A practice that Moi borrowed from Kenyatta and faithfully adhered to was hosting delegations at his different residences. The most popular venues were State House Nakuru and his private home in Kabarak.

Weekend visits

The delegations that would arrive almost every weekend when the president was in Nakuru allowed Moi to stay ahead of everyone else at a time when the situation demanded that a president could not legitimately share the limelight without weakening his leadership.

“He was always in the habit of leaving everybody flat-footed. Authority was not shared. He guarded his space and power very jealously and the only thing left for everybody else was to toe the line,” writes Moi’s last vice president and Amani National Congress leader Musalia Mudavadi in his autobiography Soaring Above the Storms of Passions published last year.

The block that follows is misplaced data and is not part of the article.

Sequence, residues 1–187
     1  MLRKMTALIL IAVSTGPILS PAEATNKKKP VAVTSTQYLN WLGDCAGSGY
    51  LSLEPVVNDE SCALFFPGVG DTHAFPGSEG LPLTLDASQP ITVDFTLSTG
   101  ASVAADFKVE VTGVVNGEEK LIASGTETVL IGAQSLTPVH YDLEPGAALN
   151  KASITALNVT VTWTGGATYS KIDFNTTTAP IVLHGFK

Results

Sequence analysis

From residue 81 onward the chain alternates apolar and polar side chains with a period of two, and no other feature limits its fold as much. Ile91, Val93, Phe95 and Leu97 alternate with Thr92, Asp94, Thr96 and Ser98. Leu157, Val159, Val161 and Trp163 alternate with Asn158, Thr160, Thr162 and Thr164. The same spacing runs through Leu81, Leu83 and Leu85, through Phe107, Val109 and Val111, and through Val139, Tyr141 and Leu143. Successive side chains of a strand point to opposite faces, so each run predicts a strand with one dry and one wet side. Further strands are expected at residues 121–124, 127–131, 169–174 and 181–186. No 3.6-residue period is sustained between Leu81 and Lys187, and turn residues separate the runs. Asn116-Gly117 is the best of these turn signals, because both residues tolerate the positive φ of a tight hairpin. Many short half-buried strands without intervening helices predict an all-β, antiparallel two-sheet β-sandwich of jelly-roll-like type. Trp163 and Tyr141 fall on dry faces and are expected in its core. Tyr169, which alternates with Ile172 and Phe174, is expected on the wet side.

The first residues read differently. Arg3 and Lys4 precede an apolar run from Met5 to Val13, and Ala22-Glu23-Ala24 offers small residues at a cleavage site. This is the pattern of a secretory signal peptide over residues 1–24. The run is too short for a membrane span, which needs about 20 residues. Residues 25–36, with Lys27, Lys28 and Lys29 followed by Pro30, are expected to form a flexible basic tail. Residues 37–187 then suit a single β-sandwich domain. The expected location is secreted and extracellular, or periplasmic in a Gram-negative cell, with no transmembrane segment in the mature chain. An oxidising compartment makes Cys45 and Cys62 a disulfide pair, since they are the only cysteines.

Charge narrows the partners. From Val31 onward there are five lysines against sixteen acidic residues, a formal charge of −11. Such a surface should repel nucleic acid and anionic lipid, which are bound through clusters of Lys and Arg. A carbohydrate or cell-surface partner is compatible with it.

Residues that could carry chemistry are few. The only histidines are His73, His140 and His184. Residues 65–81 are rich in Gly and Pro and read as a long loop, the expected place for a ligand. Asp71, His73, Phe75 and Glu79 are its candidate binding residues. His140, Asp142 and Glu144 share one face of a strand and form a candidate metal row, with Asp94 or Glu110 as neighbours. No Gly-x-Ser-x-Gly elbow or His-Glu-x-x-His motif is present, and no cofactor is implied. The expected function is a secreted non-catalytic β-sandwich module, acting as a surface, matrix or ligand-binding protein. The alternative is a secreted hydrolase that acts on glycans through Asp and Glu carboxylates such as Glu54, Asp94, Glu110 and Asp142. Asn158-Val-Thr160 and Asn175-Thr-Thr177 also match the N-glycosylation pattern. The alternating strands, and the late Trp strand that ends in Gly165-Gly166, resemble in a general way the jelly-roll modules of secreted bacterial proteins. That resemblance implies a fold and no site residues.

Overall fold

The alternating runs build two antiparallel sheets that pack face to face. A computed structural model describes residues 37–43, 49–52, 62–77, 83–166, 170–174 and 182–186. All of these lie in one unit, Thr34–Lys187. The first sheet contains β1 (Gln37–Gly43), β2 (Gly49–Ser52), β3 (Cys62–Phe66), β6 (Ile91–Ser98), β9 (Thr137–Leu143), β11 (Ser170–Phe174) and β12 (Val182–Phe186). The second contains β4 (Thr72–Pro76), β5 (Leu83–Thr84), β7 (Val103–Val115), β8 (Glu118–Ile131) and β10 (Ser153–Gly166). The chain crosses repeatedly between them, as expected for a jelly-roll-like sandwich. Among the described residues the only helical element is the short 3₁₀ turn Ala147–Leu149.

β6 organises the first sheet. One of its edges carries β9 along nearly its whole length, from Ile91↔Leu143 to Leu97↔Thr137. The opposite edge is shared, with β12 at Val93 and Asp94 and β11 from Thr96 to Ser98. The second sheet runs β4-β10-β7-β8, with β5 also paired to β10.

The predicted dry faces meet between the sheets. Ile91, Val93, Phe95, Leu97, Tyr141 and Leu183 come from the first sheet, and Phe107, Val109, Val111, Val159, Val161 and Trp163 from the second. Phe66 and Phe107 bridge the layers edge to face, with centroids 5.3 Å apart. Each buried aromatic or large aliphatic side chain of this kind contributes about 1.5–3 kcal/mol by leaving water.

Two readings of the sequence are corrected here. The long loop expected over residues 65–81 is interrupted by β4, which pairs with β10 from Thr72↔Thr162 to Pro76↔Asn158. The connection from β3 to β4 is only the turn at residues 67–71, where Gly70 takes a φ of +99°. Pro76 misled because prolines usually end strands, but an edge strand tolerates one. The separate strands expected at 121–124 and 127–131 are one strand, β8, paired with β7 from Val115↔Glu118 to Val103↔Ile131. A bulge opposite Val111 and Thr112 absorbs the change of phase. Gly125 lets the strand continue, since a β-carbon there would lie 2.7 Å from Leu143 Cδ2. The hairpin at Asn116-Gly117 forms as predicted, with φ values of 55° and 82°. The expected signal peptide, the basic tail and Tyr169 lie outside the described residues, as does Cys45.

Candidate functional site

Kenyatta had also been fond of hosting delegations mostly at his rural home in Ichaweri in present day Gatundu South. But when in Nakuru he would also be entertained by troupes of traditional dancers.

Delegations to Kenyatta, which in the 1970s included one from Juja constituency asking him to acknowledge the political ambitions of his son, Peter Muigai, against incumbent Gitu Kahengeri, are also remembered for raising funds for his pet project - the Gatundu Self-Help Hospital (now the Gatundu Level 4 Hospital).

Moi’s delegations were a different kettle of fish. According to former long-serving Njuri Ncheke Secretary General Phares Ruteere who made many such visits, they never left without gifts.